As of 2000, the Russian Federation had 99 state zapovedniks, or strict scientific nature reserves, totaling 31 million ha or 1.82% of Russia’s territory[4]. Zapovedniks generally meet category I criteria of the World Conservation Union classification of protected areas[5]. During the 1990s, Russia established 35 national parks totaling 6.8 million ha (0.40% of Russia’s territory). There are plans to establish additional zapovedniks and parks[6]. Practically all the national parks are located in Forest Fund areas and are managed by the state forestry authorities. These areas are managed for a range of scientific and biodiversity values, and the main concerns are climate changes that could reduce the chances for survival of the protected species or ecosystems.

The forests of Russia are an important component of the global carbon cycle because of the extensive area of forest land and the high storage of carbon in cold soils. In consideration of its extensive and significant forest resources, Russia has obtained substantial carbon emission credits as part of its participation in the Kyoto Protocol[7]. Fulfilling the potential of Russian forests to offset carbon emissions will require sustaining, and to some degree rebuilding, a land management capability over a vast area with certain fundamental aspects: forest inventory and measurement, surveillance and detection of forest health problems, trained and deployable fire control and management forces, and various resource management specialists. Many of the benefits of increasing carbon sequestration in Russian forests can be obtained as a direct result of implementing policies that are widely agreed to be rational and beneficial[8], including measures such as harvest levels in line with actual growth, effective fire control forces in regions of high-value timber, and adequate regeneration efforts.

Canada (14.3.2)

The Canadian boreal forest represents nearly 6.4% of global forest area according to the United Nations Food and Agriculture Organization (FAO) definition of forest (Table 14.1). Forests play a large role in the Canadian environment, economy, culture, and history. Forest (tree-covered land with a full canopy) and woodland (tree-covered land with less than a complete forest canopy) cover nearly half (44%) of the Canadian landscape, totaling about 401.5 million ha, according to Canada’s Forest Inventory 2001[9]. Canadian forest land totals about 309.8 million ha, according to the 2001 inventory, and about 294.7 million ha are not reserved and therefore potentially available for commercial forest activities, although much of the land has not been definitively allocated as to use. The large majority of Canadian forest is crown land held for the public, with 71% controlled by the provinces and 23% under federal control[10]. A few percent of Canadian forest land is managed by territorial governments and the balance is in private hands. Of the 401.5 million ha of tree-covered land in Canada, 22.8 million (5.7%) are by law managed to remain in a natural state. On another 27.5 million ha (6.8%), timber harvesting is excluded by administrative policy (e.g., on unstable soils or as habitat buffers along important lakes or rivers). The most accessible forest land, and therefore the most likely to experience forest management activities, covers 144.6 million ha, or 36.0% of the total tree-covered area.

In the Canadian land tenure system, provincial governments are responsible for managing most of the land within their boundaries held for the benefit of the public (crown land). Until recently, the federal government held and managed land north of 60° N (an area not organized into provinces). However, in this area, by progressive steps, ownership and decision-making responsibility are passing to indigenous peoples and territorial governments. Simultaneously, lands of major conservation interest are being established as new national parks and wildlife refuges managed by the federal government. The indigenous peoples of Canada, who meet their cultural, spiritual, and material needs from their forest homeland, have a unique perspective and set of goals in forest management. Canadian land and forest management has changed significantly and is likely to change further as aboriginal title, treaty rights, and governmental responsibility to protect these rights are all more specifically defined.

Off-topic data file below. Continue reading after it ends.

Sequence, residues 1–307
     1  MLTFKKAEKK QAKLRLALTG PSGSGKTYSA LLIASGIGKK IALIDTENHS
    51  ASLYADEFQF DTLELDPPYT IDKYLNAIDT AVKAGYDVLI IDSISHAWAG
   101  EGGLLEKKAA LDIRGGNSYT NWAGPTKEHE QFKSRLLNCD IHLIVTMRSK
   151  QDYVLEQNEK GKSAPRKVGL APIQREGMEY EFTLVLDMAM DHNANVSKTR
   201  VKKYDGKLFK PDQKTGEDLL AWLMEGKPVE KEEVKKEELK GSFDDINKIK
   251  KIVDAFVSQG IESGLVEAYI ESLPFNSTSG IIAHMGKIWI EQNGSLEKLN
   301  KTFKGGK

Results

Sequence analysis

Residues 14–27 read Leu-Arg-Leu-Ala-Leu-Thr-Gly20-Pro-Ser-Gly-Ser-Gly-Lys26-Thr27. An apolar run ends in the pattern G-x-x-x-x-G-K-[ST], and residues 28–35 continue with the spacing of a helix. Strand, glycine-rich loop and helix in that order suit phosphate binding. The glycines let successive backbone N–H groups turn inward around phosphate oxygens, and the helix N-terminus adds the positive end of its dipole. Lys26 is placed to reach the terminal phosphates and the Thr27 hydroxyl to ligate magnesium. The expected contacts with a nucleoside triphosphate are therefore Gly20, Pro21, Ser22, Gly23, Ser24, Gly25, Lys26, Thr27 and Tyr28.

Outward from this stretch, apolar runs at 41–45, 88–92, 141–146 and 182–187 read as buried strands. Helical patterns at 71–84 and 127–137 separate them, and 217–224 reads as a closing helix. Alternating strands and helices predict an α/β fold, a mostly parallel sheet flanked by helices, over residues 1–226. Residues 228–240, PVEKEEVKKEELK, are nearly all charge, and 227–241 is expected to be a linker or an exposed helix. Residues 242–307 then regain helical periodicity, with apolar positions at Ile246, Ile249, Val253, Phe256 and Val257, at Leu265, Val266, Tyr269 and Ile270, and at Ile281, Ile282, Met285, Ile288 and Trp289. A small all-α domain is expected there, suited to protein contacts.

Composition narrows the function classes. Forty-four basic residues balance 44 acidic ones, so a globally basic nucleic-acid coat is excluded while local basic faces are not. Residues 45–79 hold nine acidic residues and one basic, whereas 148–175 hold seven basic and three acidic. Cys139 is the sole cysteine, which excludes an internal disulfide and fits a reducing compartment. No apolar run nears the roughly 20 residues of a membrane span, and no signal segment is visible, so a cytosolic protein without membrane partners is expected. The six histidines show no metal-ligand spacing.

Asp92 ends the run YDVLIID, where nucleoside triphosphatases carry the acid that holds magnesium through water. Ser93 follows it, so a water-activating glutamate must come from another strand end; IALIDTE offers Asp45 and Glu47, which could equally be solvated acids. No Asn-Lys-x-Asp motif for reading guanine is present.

The large majority of Canadian forest is boreal, with species such as white spruce, black spruce, aspen (Populus tremuloides), and paper birch (Betula papyrifera) having essentially transcontinental distributions. The forests of Canada are naturally dynamic, with large-scale disturbances quite typical. Across all Canadian forest types, insect defoliation affected 18.6 million ha in 2002[11]. Section 14.10.2 details the role of disturbance in the boreal forest with respect to carbon, and section 14.8.1 describes the role of forest insect disturbances in the boreal forest.

In the late 1990s, more than 300 communities in Canada depended largely on jobs in the forestry sector. During that period, the wood and paper industries and associated organizations employed more than 830,000 people, and paid more than Can$ 11.8 billion in wages annually. In 2002, 361,400 people were directly employed in the forest industry[12]. Historically, Canada has been one of the largest suppliers of wood and paper products in the world, with 1995 shipments of manufactured forest products valued at Can$ 71.4 billion. Forest products exports from Canada contributed Can$ 39.6 billion to its net balance of trade in 2003 – almost as much as energy, fishing, mining, and agriculture combined. Canadian forests also contribute to uses and support industries providing billions of dollars in sales, including recreation, tourism, natural foods, furs, Christmas trees, and maple syrup. Much of the rapidly increasing recreation activity is forest-based. The number of visitor-days to forested national parks was 29.7 million in 1994.